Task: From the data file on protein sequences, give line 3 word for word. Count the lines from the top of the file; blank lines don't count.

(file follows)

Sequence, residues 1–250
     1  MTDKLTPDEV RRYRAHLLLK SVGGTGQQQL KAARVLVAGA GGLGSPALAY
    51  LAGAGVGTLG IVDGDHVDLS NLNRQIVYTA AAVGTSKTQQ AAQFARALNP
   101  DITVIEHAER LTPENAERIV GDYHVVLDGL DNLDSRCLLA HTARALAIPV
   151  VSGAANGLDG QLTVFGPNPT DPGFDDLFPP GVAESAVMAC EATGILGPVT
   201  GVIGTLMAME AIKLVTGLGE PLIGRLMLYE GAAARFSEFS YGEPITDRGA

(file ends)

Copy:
    51  LAGAGVGTLG IVDGDHVDLS NLNRQIVYTA AAVGTSKTQQ AAQFARALNP